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Discussion Starter · #1 ·
What do folks do to get inside of the cowl ( the air inlet under the windshield) when they want to restor it. I know that these early modle mustangs had a host of problems with rotting of the steel inside these cowels. Mine look fine right now, but I want to stop the problem before anything happens

How do you get inside to repair this rust?

Is the only way to rip it open and replace the enting afterwards?

What about pouring a chemical stripper down there, then pouring paint to seal it after nutrilizing the stripper?

Has anyone done this?

Thanks in advance for your help.

Mike
 

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MIke, I removed both fenders then cut a large u shape on each side of the cowl . This allowed me to fully inspect the cowl area and make needed repairs. then when done I bend them back down welded them and seal them with body sealer. This Worked well for me.
 

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On 2006-07-22 22:03, 460 Tom wrote:
MIke, I removed both fenders then cut a large u shape on each side of the cowl . This allowed me to fully inspect the cowl area and make needed repairs. then when done I bend them back down welded them and seal them with body sealer. This Worked well for me.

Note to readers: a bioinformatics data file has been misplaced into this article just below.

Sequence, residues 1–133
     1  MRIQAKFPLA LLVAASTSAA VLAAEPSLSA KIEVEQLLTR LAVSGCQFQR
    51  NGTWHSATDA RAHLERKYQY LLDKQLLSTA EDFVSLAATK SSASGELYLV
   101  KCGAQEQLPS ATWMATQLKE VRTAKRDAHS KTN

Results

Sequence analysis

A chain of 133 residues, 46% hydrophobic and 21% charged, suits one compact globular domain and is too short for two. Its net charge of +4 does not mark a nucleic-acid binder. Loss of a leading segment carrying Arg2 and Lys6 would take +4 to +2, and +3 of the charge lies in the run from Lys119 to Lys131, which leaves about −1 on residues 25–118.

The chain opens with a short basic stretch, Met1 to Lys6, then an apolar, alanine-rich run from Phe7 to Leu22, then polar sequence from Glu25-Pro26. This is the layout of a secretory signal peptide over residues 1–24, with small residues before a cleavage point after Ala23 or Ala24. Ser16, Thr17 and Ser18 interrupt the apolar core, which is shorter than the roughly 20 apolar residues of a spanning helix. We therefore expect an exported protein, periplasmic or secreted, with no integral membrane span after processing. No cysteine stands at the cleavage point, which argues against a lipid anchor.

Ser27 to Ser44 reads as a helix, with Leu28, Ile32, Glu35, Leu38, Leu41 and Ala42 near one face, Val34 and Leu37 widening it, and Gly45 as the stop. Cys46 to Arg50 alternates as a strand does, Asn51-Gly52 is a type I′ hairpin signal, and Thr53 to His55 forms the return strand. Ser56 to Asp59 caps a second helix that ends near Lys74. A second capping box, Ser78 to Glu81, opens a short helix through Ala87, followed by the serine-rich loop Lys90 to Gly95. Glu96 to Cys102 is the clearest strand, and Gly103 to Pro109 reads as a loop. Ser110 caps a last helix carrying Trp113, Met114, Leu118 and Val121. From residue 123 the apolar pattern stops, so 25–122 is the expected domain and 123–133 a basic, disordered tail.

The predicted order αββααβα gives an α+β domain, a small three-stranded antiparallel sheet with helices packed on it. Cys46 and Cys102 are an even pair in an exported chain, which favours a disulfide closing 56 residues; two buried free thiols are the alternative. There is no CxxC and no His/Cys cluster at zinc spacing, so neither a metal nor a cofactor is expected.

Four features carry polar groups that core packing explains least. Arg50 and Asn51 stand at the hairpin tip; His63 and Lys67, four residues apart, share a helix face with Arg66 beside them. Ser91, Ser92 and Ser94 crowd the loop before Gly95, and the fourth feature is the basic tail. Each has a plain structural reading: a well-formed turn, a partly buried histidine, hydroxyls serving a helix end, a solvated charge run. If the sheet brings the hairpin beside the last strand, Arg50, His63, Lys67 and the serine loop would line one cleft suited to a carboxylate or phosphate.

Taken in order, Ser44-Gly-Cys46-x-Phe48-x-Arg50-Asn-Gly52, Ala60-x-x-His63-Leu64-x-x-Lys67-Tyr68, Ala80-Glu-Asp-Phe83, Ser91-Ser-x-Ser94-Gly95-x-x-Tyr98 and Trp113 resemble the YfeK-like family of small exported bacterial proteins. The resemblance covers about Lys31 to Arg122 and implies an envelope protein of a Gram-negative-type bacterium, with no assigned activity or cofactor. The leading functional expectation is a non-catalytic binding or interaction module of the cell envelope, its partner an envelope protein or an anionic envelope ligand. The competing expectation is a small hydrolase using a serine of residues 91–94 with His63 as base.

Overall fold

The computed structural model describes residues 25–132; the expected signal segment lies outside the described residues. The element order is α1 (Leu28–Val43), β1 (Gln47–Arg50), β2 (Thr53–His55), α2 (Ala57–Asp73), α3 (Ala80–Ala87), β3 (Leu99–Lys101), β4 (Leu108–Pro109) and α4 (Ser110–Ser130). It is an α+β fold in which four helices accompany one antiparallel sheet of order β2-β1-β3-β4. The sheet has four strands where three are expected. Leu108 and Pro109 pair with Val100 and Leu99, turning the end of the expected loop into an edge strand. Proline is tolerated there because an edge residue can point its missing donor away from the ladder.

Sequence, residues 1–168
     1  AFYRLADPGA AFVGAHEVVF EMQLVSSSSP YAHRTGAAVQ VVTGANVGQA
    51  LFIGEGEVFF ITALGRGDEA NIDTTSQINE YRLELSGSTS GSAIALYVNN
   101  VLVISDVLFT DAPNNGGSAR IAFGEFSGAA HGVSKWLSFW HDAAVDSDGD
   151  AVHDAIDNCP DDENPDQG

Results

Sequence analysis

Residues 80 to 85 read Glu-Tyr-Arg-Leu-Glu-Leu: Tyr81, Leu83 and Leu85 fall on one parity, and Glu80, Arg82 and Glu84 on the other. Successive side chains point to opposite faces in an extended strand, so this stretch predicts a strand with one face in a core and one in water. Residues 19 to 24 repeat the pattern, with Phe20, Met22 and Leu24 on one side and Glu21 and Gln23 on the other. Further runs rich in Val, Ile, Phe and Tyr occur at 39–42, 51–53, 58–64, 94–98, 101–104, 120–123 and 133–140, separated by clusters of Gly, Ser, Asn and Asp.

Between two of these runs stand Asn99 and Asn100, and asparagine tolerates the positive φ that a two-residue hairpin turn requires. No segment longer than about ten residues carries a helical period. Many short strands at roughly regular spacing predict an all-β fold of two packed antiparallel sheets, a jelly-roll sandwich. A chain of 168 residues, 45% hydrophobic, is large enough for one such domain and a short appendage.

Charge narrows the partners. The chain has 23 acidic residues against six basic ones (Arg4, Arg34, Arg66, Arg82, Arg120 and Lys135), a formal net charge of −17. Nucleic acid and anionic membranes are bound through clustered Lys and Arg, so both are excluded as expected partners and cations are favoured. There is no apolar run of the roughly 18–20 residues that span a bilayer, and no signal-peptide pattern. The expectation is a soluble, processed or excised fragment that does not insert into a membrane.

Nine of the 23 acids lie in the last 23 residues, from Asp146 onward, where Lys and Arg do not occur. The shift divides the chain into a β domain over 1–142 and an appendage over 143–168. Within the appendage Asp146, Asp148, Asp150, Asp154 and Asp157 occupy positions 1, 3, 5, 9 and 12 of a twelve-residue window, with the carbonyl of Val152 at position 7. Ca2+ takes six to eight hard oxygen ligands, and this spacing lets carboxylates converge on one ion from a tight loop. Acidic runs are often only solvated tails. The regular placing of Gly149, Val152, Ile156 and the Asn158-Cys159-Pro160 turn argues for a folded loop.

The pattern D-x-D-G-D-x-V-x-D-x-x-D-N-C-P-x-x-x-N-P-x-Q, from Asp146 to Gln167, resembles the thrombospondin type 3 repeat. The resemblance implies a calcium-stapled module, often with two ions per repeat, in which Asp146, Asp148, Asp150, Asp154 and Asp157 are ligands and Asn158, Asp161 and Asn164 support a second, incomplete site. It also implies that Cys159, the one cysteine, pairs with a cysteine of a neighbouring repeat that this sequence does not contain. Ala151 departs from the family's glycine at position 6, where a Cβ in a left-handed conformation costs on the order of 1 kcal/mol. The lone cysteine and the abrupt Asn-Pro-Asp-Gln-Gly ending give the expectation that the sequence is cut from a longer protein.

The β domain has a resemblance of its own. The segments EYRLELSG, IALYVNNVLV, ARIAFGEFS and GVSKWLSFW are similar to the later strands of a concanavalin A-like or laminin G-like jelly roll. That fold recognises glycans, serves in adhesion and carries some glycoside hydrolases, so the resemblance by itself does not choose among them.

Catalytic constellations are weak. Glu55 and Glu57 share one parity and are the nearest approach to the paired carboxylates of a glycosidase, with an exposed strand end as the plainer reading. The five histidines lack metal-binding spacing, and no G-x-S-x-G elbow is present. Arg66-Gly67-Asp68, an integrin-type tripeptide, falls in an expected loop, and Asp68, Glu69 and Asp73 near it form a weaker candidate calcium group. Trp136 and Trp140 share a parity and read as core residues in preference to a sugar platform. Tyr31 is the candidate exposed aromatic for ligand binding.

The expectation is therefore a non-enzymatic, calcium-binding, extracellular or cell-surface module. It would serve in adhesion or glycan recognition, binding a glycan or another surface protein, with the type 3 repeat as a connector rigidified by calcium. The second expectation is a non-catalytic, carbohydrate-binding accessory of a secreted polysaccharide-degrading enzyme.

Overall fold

This is the way I do cars that have vents that appear to be in decent shape. When I do this, I also drop the air vent and the heater box inside the car for a more thorough repair.

I've heard of putting hot roofing tar between the air inlet vents--sounded to iffy to me.

I've also removed the fenders, windshield and the whole cowl before. Makes for a nice permanent repair plus you can have nice color matching paint that is visible below the inlet air vents.
 

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Discussion Starter · #5 ·
Thanks for the web links.

New question, since I do not currently seem to have this problem, did the assembly lines start to paint the insides for my 66??

The pervious owner of my car for 20 years dripped oil into the vent every now and then to adhear to the metal for exactly this issue.

The down side is, when I replaced the heater box, there was oil in it, that I have since cleaned out.

So if I get a can opener, and I don't have any rust, then I can just rubber coat the insides and be OK?

Mike
 

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Yes, it is my understanding that Ford did not paint, nor primer in the cowl area. These cars were being mass produced and were not being built to last as many years has they have.

I would not plan on just applying a rubber coat. Rust can form under it. You need to spend a little more time than that if you want to prevent future rust.

I would clean out any debris and rust I found, remove any of the remaining seam sealant around the vents, remove all traces of oil, and then epoxy primer (or use something like POR 15) everything I could reach through the access holes made under the fenders and through the interior vents. Allow it to dry, reapply seam sealer around the vents (again allowing it to setup, apply a top coat of some type, and then you could apply rubber a rubber coat afterwards if you wanted--although it really wouldn't be needed.
 
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